Michael Lynch is the president and director of global petroleum service at Strategic Energy & Economic Research.
One of my favorite movie scenes is Jack Nicholson in Batman saying, "Who do you trust? Me? I'm giving away free money." He then proceeds to gas the onlookers.
This always comes to mind when energy advocates confidently, even triumphantly, point to studies that support their viewpoint, as Carol Browner's blog post "India’s Enormous Cleantech Opportunity" did with a recent Wind Energy Council study that argues, surprise, in favor of wind power—if aggressive policies are employed. (Read: subsidies needed.) Even better, she links to a "credible source" which turns out to be a solar energy consultancy.
Anyone who has worked in policy analysis knows that all studies have to be taken with enough salt to kill a Buddhist, but also that advocates nearly always accept conclusions that confirm their own biases without questioning. Conservatives tend to promote industry studies, liberals embrace environmental organizations' analysis, and both will slam the other for bias.
The reality, naturally, is that we are all biased and no one's work should be accepted without scrutiny. But policy decisions should not be made on the basis of our biases, especially where they conflict with reasoned, valid analysis. Don't believe me? Well, the most extreme example was a case of research results by Nazi scientists that was ignored because of its source: that cigarette smoking causes cancer.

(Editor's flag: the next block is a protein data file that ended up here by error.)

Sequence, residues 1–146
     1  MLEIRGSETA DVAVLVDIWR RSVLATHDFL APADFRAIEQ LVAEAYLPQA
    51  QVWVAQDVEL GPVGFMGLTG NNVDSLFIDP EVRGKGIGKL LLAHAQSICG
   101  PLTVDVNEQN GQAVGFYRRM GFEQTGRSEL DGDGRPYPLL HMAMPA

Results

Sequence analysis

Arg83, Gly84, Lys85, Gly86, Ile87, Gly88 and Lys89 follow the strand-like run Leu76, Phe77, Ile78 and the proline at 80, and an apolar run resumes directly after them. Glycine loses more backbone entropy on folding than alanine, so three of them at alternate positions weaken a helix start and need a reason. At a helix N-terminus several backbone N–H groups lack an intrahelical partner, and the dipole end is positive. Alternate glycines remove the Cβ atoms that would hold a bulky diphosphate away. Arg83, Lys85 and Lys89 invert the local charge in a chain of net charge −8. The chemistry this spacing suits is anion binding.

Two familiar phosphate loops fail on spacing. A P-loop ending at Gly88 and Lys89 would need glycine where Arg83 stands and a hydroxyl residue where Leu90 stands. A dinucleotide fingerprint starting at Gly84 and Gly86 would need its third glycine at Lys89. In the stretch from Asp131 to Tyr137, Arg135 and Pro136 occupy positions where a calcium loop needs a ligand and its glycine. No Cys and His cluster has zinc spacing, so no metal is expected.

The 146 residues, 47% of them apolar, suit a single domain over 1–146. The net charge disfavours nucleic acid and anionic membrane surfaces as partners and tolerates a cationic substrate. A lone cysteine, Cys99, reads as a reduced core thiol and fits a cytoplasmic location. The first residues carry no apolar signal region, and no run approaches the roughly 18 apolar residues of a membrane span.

As Michael Shermer, founding publisher of the Skeptical Inquirer says, it is important not to be cynical, but to be skeptical. Don't trust findings that contradict your beliefs (and preferences), but also, don't trust findings that confirm them, either. As Reagan said, trust but verify.
Those promoting alternative and renewable energies should try to display the same skepticism towards reports from renewable companies that they do towards oil industry studies, just as oil industry analysts are foolish to believe unconditionally any research that the oil industry produces.
But the Browner argument about India becoming a "cleantech" powerhouse is based on a failed premise, namely that India is more concerned with clean than cheap energy. True, the renewable industry was not the first to argue for clean but expensive electricity. That honor goes to Enron, which promoted a large-scale power plant that would rely on liquefied natural gas, one of the more costly fuels historically. The reality is that India's electrical system is ill-equipped to deal with large-scale, variable output from solar and wind plants, let alone cope politically with one of the most expensive power sources currently available.
Renewable energy proponents have a tendency to embrace a variety of arguments to support increased deployment of currently uncompetitive technologies, including pointing to their promotion in rising economic powerhouses like China and India. Instead, they should focus on efforts to improve the technologies, not make them appear attractive by unskeptical acceptance of promoters’ claims.